This is also the book that clearly shows that a)Hagrid is not a great teacher or a great gamemaster and b) Snape should be fired instantly for outing Lupin. Fuck that guy. I hate Snape by the way.
Harry Potter and the Half-Blood Prince.
I honestly think this is the worst of the books for a couple of reasons. It’s pretty pedestrian outside of moving the broader plot forward. That’s not a bad thing on its own, but when there’s almost nothing additional to add any depth or charm or anything else like this, it feels cheap.
In addition, I swear constantly to the fact that so much of this book is a kind of rehash of Chamber of Secrets, and if I felt this worked as a doubling, I would be ok with it, but it feels redone in weaker ways.
Otherwise it has plenty of strengths and it’s still a Harry Potter book, but it’s always felt limited and strained, and I recall thinking a little cheated when it first arrived in the mail.
I do however like Slughorn a lot. I like that he’s selfish and venal and cowardly, but also not evil. It’s better to have the books have more characters who are complicated and not black and white.
Harry Potter and the Goblet of Fire
This is the one that I think sells the series as a whole in the best of ways. It’s clearly the middle point of the whole series in terms of book order, but the remaining books take on so many pages that it’s also clearly the beginning of the end of what the earlier books started. So let me explain what I feel like I mean by all this. We end up spending a long time in the early sections of this book long before we got to Hogwarts. A good part of that is because we take the long trip to the Quidditch World Cup, which I remember reading for the first time and really feeling like it was a real treat. Then we also spend time seeing and feeling more about, not only what it means to be a wizard, but what it means to be a part of the wizarding world, something, for as good as the books so often are, I think the books fail at consistently. I know what it means to go to a wizarding school; I do NOT always know what it means to be part of the world. Sometimes it feels like there’s 50 wizards in the world and sometimes it feels like there’s millions. But the World Cup, the deatheaters walking around like Proud Boys, and all the other preliminary moments really pay off later on.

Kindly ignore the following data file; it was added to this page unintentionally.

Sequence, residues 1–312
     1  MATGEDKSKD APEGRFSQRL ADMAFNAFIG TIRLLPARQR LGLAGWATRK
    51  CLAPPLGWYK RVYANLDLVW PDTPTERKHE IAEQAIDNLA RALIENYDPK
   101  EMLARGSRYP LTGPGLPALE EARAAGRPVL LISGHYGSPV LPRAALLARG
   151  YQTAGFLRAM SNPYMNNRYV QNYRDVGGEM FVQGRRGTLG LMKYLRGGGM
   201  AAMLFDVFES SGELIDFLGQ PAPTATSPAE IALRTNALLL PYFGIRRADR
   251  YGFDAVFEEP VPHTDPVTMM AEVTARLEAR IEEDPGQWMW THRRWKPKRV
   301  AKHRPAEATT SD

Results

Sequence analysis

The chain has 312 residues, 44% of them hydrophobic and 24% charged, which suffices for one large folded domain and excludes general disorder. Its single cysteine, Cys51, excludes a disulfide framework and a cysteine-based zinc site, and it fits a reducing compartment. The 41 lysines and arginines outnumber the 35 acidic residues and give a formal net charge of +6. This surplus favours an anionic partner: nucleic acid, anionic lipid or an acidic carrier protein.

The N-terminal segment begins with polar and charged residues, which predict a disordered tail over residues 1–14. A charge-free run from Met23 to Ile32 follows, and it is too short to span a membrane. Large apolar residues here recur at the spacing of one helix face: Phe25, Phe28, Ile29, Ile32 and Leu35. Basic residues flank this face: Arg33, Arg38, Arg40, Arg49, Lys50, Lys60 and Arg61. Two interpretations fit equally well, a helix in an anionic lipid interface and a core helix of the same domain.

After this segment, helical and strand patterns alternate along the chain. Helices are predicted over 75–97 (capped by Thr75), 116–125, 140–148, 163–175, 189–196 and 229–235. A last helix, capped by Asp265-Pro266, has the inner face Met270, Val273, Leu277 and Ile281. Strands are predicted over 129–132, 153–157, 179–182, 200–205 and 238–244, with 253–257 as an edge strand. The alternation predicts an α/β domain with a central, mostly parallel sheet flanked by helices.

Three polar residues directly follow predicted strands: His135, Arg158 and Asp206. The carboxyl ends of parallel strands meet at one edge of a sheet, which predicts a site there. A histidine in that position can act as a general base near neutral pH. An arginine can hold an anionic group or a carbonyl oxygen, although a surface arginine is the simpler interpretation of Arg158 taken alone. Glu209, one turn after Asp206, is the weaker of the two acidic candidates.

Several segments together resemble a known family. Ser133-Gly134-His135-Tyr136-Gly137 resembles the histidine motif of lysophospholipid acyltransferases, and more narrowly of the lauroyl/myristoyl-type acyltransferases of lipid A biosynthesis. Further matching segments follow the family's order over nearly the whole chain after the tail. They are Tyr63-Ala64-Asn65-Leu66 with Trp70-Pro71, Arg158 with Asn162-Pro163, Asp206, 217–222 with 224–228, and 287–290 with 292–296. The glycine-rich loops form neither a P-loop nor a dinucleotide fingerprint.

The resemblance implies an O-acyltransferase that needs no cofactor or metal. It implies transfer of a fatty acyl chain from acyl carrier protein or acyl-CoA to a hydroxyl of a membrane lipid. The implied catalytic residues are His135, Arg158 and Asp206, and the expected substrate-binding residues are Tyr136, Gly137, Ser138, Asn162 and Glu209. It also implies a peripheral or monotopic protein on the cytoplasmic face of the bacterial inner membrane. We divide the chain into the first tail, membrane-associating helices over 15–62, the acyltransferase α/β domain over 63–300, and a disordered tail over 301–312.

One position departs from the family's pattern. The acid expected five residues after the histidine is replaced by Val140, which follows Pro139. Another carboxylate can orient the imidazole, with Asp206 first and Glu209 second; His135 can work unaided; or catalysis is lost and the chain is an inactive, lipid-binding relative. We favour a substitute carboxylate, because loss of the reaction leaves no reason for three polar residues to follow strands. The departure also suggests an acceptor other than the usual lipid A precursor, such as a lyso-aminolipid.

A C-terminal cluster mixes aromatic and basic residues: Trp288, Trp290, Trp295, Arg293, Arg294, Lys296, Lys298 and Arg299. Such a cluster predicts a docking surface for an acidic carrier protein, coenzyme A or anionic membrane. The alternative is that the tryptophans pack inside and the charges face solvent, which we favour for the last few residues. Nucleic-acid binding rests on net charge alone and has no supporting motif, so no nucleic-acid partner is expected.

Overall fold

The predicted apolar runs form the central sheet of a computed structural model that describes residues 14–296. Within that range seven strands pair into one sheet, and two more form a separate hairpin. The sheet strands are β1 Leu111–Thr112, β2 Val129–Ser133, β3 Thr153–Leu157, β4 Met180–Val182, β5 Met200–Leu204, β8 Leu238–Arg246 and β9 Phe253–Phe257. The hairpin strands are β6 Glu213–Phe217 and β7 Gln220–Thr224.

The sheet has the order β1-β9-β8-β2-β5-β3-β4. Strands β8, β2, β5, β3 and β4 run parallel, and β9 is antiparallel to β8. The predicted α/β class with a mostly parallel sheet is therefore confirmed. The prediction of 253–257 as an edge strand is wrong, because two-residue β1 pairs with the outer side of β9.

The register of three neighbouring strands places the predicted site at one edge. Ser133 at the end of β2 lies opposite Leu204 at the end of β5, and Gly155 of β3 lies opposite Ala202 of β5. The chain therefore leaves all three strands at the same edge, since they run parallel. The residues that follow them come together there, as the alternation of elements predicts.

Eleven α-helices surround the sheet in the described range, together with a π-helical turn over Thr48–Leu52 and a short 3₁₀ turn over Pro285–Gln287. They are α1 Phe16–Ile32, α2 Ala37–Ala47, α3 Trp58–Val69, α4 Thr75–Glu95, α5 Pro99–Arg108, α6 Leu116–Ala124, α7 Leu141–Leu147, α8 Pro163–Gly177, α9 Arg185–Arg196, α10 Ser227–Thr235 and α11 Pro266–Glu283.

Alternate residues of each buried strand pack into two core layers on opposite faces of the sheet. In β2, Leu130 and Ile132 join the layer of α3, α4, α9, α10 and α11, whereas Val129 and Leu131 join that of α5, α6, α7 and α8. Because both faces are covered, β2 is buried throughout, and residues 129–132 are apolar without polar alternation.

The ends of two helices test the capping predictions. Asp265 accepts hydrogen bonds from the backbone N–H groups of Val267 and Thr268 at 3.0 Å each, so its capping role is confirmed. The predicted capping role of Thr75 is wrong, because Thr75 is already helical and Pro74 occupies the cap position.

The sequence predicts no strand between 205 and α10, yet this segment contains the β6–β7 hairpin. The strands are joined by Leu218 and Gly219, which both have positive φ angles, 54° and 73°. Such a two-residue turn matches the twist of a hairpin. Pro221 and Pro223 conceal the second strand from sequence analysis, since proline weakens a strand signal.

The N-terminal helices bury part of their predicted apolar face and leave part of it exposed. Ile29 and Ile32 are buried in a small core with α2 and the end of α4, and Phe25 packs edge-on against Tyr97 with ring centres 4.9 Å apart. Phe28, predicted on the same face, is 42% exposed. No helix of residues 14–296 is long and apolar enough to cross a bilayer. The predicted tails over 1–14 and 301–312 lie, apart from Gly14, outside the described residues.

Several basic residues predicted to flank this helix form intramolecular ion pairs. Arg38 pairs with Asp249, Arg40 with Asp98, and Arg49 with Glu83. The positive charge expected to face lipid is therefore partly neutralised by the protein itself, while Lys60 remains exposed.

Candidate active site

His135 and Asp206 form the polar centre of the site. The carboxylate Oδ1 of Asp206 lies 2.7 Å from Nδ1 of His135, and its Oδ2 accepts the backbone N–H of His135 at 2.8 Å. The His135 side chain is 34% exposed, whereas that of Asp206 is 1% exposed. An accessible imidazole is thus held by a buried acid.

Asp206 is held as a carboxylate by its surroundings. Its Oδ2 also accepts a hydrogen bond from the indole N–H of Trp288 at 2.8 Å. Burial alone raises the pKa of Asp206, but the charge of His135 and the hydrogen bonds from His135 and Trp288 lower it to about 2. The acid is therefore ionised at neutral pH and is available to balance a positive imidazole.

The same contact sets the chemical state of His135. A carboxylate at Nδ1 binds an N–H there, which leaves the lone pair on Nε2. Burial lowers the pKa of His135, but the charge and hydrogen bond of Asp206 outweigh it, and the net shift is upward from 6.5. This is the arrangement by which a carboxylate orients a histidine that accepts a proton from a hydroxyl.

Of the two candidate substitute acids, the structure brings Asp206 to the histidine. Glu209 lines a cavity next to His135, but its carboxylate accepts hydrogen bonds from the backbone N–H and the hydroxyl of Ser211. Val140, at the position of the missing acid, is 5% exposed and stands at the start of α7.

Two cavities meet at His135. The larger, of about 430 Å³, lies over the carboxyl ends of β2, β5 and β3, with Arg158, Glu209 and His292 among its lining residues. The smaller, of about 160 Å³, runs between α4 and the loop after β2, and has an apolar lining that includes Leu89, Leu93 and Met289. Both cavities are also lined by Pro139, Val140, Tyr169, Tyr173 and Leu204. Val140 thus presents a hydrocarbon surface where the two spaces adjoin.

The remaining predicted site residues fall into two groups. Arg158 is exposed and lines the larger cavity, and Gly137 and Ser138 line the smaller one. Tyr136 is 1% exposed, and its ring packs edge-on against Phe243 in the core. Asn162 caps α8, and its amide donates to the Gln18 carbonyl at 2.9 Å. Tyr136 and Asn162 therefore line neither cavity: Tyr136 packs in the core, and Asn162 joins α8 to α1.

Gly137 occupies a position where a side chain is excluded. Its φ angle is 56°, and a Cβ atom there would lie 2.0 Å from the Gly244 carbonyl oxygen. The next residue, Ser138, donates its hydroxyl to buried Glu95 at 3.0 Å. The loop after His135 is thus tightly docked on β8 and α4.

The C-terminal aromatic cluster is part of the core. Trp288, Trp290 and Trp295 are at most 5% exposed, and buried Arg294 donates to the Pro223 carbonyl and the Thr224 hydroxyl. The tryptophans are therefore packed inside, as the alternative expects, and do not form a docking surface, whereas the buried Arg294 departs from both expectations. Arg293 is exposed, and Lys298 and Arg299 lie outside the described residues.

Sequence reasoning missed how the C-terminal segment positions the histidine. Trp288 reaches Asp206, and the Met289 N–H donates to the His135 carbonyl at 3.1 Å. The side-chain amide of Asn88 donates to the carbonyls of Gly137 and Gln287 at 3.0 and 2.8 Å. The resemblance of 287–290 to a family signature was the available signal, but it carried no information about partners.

I also like that we get “Moody” in this book, and we also learn that for all his evil, Barty Crouch Jr isn’t the worst teacher Harry’s had. And then the real satisfying part is seeing the evil coming into the world really taking shape. It’s a lost a little in Book 6 I think, but comes back strong in Book 7.
Harry Potter and the Sorcerer’s Stone
The weirdest thing about this book reading it again is a) very little seems to actually happen. B) Harry and especially Ron are mean to Hermione in ways that almost don’t make sense looking at how everything comes together at the end. C) There are some real questions about tone early on. It’s hard to tell what the book seems to want to be.
It also bothers me, and this is a real problem with a lot of fantasy books, how some of the characters have real regular names like Harry Potter and Dean Thomas. And then you get dumbass wizard names like Persephone von Goooberhorner. The dumbest are the ones that just name what the wizard is known for, like Lupin and Professor Sprout, but this naming convention feels quaint and fun here, and feels utterly ridiculous by book 7.
Harry Potter and the Deathly Hallows
Harry Potter and the MacGuffin Sidequests! I guess you can call it character building….I guess! A book in which nothing new is brought into the world except the concept of the elder wand (cool) and two other objects that both don’t do what they say they can do (except the cloak, which is not new), and the stone, which has limited powers. And there’s a few other weird deadends like eerie warnings about Goblin possession that add danger but no real impact to the story. And of course all the mythologizing about Gringotts turns out to be a bunch of bull.
But! All of that is to say that I find this book is be incredibly scary. Like life shatteringly terrifying at times. Oppressive regimes, for good reason, scare the living shit out of me and the way that Voldemort completely upends the implanted institutions unnerves me these days. I found the general conclusion to be generally satisfying. I still don’t like Snape, but I appreciate Dumbledore’s trust in him, and how so much of that trust is shaming him into being better than his mistakes. He’s still a real prick. By the end of this book I was pretty wrecked in a lot of ways, and given that this is my third or fourth time reading it, having seen the movies, and it not even being that long ago that I did last read it, I was pretty surprised. It’s a satisfying conclusion and I find myself both rushing toward the end, but also constantly wanting the book to slow down. I know that it’s all downhill from here in terms of Harry Potter satisfaction.